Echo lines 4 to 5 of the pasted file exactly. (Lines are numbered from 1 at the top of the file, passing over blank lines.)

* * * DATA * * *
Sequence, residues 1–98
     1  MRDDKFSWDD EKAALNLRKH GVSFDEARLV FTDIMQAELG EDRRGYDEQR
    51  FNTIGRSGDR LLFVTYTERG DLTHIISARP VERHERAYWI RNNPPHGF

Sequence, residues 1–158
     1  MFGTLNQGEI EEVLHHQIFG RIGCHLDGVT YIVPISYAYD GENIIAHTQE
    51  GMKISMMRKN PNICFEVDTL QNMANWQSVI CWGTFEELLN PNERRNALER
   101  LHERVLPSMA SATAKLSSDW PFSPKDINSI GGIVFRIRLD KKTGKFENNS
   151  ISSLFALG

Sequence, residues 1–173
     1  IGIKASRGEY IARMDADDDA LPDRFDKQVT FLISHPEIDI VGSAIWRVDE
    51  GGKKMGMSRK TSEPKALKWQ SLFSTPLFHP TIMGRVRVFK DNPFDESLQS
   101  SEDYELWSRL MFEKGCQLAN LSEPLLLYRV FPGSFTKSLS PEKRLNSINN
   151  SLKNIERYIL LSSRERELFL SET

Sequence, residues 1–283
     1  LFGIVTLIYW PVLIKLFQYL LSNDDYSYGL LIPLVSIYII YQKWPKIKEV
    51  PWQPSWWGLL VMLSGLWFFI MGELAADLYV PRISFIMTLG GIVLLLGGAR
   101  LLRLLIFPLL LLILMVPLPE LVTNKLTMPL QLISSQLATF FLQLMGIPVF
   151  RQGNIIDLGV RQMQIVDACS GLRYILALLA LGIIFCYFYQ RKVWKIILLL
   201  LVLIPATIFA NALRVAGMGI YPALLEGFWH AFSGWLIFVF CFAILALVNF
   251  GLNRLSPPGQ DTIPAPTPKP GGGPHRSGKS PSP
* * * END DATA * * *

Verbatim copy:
Sequence, residues 1–158
     1  MFGTLNQGEI EEVLHHQIFG RIGCHLDGVT YIVPISYAYD GENIIAHTQE